The book also is highly relevant, showing a nation torn apart by politics and the affects of social classes and finances can have on the divide in our nation. Seeing a political figure rise to power and the shadow of a conspiracy rising blends with the personal struggles of new heroine Jinx, who uses her knowledge and skills not only to survive but get to the heart of the true threat and discovers secrets and hidden agendas that will rock her to her core. She is a powerful new YA hero who shows not only she has the skill and talent to take on enemies, but the emotional core to keep the reader invested and engaged with her and the story as a whole. 


The Verdict

Overall a truly wonderful read, Day Zero does a great job of creating a near-future scenario that allows readers to examine the world around them, and to recognize the signs that can lead to the downfall of the world. It’s a story of survival, finding hope and love as the book’s twists and turns will keep readers hanging on the author’s every word, shocking many with future revelations and causing Jinx and the reader to ask themselves, who can they really trust? Grab your copy of Kelly deVos’s novel “Day Zero” to find out for yourselves!

Rating: 10/10


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About the Author

KELLY DEVOS is from Gilbert, Arizona, where she lives with her high school sweetheart husband, amazing teen daughter and superhero dog, Cocoa. She holds a B.A. in Creative Writing from Arizona State University. When not reading or writing, Kelly can typically be found with a mocha in hand, bingeing the latest TV shows and adding to her ever-growing sticker collection. Her debut novel, Fat Girl on a Plane, named one of the “50 Best Summer Reads of All Time” by Reader’s Digest magazine, is available now from HarperCollins.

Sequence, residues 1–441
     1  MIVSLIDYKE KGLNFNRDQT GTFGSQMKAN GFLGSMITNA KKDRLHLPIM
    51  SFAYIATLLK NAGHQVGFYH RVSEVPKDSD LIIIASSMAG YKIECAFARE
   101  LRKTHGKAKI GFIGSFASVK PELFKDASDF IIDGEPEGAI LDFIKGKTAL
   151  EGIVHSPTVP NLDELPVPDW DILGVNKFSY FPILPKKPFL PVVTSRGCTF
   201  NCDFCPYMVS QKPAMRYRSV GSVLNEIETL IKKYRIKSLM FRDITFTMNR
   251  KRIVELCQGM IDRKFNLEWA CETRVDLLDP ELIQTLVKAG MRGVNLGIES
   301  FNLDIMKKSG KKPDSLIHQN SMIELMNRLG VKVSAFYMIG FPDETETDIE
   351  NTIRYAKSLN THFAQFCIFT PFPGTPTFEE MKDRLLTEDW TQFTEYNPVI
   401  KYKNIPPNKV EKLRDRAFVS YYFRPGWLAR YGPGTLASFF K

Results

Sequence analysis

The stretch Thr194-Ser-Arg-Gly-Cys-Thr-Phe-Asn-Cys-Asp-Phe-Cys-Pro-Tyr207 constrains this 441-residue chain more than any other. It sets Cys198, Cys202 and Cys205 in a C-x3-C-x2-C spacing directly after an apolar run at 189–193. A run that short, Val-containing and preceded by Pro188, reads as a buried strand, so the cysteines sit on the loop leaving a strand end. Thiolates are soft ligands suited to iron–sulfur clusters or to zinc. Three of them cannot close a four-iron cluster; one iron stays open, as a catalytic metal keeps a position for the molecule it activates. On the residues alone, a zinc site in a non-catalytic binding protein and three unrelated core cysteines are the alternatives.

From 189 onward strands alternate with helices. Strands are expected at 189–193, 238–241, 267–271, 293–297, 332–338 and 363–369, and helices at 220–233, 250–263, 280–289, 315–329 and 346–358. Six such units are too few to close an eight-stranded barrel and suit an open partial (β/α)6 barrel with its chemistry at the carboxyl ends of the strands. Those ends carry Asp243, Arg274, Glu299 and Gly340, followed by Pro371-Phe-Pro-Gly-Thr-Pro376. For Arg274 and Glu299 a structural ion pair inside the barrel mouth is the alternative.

Kelly’s work has been featured in the New York Times as well as on Salon, Vulture and Bustle.

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Book Excerpt From “Day Zero”

Dr. Doomsday’s Guide to Ultimate Survival

Rule One: Always be prepared.

I exhale in relief when MacKenna pulls the car into the Halliwell’s Market parking lot. Because of the Sugar Sales Permit waiting list, old stores like these are the only places that carry Extra Jolt soda. I have to buy it myself, because Mom won’t keep any in the house.

She thinks too much caffeine rots your brain or something. Halliwell’s is a squat brown building that sits across the street from the mall and is next door to the town’s only skyscraper.

The First Federal Building was supposed to be the first piece of a suburban business district designed to rival the hip boroughs of New York. The mayor announced the construction of a movie theater, an apartment complex and an indoor aquarium. But the New Depression hit, and the other buildings never materialized.

The First Federal Building alone soars toward the clouds, an ugly glass rectangle visible from every neighborhood, surrounded by the old town shops that have been there forever. Most of the stores are empty.

We park in front of the market.

Our car nestles in the long shadow of the giant bank building.

Charles gets out and stands on the sidewalk in front of the car.

MacKenna opens her door. She hesitates again. “Listen, I know you might not want to hear this or believe it. But my book report wasn’t about hurting you or getting revenge. I’m trying to get you to see what’s really happening here. That Carver’s election is the start of something bad. We could use you at the rally. You’re one of the few people who understands Dr. Doomsday’s work. You could explain what he did. How he helped Carver cheat to win.”

“I’ve been planning this raid for months,” I say. My stomach churns, sending uncomfortable flutters through my insides. I don’t know what it would mean to talk about my father’s work. What I really want to do is pretend it doesn’t exist. Pretend the world is normal and whole.